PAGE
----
The News (Jang Group) has taken a particularly adversarial tone against the government lately, with Jang’s celebrity journalists coming out with bald faced political attacks on the president and parliament based on nothing more than rumour, speculation, and conspiracy theories. We have already covered Ansar Abbasi’s baseless attack on parliament over devolution of HEC. But actually Saturday’s The News included several articles that crossed the line of responsible journalism.
Shaheen Sehbai’s front page story included no facts or investigative reporting, and was nothing but a baseless attack on the government in what appears to be another thinly veiled attempt to incite a war between the executive and judiciary.
This did not go unnoticed by the PPP who issued a rejoinder on Sunday.
More dangerous is Mr. Sehbai’s totally baseless and unfounded assertions that the Government is pitched against the honorable courts. To say that confronting the honorable judiciary is a “declared policy” of the Government is totally false in fact, and highly malicious in character, depicting mala fide intentions of the writer. It is most regretful that the Group Editor of your esteemed newspaper is deliberately pitching two pillars of the State by painting imaginary scenarios of animosity and conspiracy, when there are none in reality.
In fact, Shaheen Sehbai does not even bother pretending to have ‘informed sources’, offering only his own insults and accusations. This is considered reporting by Jang Group?
While Ansar Abbasi and Shaheen Sehbai may be expected to make baseless attacks on the government, they are not the long voices. Also joining the chorus is Tariq Butt, who wrote on Saturday that “President Asif Ali Zardari is seeking the shoulder of the highest judicial forum to cry on while he has asked his minions to do everything to attack the superior judiciary”. Like his colleagues, Ansar Abbasi and Shaheen Sehbai, Tariq provides no evidence of a presidential directive to attack the judiciary.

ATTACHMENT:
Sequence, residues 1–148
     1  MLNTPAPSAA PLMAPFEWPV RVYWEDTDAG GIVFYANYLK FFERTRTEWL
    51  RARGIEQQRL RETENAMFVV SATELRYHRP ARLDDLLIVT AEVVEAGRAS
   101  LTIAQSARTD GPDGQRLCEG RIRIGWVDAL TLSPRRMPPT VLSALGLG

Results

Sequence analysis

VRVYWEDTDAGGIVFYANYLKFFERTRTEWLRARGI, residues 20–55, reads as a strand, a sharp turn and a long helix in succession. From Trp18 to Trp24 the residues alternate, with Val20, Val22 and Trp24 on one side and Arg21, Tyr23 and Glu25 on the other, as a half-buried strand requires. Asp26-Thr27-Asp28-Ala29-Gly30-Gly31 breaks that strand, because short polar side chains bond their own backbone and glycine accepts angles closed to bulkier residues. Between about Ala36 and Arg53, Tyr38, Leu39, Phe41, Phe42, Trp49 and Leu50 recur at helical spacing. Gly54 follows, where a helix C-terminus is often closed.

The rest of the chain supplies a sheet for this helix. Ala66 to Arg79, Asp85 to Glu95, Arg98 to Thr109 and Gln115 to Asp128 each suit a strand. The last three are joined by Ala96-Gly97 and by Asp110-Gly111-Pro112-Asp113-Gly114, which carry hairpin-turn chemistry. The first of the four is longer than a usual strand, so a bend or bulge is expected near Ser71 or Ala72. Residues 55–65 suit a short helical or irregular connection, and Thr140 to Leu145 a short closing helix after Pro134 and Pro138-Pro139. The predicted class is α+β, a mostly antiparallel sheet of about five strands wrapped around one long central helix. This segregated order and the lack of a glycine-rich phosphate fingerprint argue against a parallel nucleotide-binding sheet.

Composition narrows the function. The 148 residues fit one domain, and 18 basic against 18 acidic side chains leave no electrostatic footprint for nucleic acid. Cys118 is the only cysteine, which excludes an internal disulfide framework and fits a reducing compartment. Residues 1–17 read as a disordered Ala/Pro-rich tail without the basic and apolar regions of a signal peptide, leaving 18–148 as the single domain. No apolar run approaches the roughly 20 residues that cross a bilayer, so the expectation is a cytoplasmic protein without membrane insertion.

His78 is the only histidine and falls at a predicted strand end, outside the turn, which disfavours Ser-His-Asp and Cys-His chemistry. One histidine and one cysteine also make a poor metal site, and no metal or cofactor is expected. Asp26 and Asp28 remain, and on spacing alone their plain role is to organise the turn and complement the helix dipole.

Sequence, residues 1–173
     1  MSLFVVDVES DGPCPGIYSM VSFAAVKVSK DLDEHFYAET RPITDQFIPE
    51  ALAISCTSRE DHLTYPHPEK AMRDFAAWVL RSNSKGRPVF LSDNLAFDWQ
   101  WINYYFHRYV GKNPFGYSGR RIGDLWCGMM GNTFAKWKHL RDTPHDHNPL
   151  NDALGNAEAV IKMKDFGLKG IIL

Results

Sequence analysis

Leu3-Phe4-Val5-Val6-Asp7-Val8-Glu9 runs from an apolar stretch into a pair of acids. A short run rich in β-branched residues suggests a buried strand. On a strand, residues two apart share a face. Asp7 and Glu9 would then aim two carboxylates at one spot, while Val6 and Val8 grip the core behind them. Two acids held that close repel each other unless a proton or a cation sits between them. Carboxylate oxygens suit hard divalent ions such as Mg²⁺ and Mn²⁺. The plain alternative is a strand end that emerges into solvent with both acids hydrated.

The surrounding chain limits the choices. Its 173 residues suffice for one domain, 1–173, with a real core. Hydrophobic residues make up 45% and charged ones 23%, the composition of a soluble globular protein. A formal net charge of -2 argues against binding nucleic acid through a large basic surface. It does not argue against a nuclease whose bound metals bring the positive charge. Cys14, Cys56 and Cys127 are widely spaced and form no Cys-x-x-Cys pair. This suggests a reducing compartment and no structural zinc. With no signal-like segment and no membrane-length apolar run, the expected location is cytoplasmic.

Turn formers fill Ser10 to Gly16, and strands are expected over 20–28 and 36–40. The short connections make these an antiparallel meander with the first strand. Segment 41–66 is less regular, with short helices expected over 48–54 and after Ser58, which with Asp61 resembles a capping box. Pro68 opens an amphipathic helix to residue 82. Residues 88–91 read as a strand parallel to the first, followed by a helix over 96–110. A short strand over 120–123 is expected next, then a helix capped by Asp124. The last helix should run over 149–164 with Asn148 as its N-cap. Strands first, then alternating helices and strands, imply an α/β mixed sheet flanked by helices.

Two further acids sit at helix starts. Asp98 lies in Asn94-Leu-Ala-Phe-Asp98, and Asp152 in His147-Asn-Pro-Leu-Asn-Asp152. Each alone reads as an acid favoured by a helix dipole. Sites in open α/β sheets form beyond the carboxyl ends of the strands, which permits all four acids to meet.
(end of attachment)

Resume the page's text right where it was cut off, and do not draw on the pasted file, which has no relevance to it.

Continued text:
On Sunday, the assault continued with a front page article by Hamid Mir suggesting that the president’s praise for the judiciary is insincere and that he “masterminded this reference just to embarrass teh Supreme Court by playing the Sindh card because all the judges who gave the verdict against [ZAB] were from Punjab”. The only evidence Hamid Mir can provide for this mind-reading of the president is “an impression in many political circles”. No doubt these “political circles” include certain Group and Investigative ‘Editors’ at Jang Group.
It should be noted that for all the accusations from Shaheen Sehbai, Hamid Mir, etc of playing Sindh Card, neither the president nor his representatives have uttered any such thing. Rather these accusations come from ‘journalists’ claiming to be able to read the mind of Zardari. On the other hand, the opinion page of Sunday’s The News includes a cartoon of a ‘Sindh Card’. In addition to the articles mentioned above, one cannot help but wonder who it is that is actually attempting to exploit provincial prejudice and whip up the emotions of their base.
Speaking about media freedom in this week’s Friday Times, Pakistan Representative Human Rights Watch, Ali Dayan Hasan, was highly critical of the way media attacks the civilian government just because it can.
Pakistan’s media needs to use its independence responsibly. Unfortunately this is not happening. It targets the government because it does not fear the former. It does not hold the military to account because it is frightened of their power. HRW is of the view that the greatest threat to media freedom emanates today not from the elected government which has shown respect and tolerance as it should for the media. Rather, it stems from the intelligence agencies, non-state actors such as the Taliban and, finally, from the judiciary which has exploited over-broad contempt laws to stifle criticism of the institution.
Media’s role includes responsibly keeping the people informed about the actions of government and politicians. But The News appears to have passed beyond the line of responsible reporting and crossed into bald faced attacks on the president through rumour, speculation, and conspiracy theories based on nothing but the imaginations of its staff. Worse, there appears to be the possibility of a renewed campaign to instill distrust and tension between the executive and the judiciary. This is not journalism, it is politics. We encourage Jang Group to review the editorial policies of it’s prize English language newspaper and work to put in place policies that ensure reporting is based on facts, not political opinions, and that reporting is objective and not biased. At present, star reporters of The News are offering neither.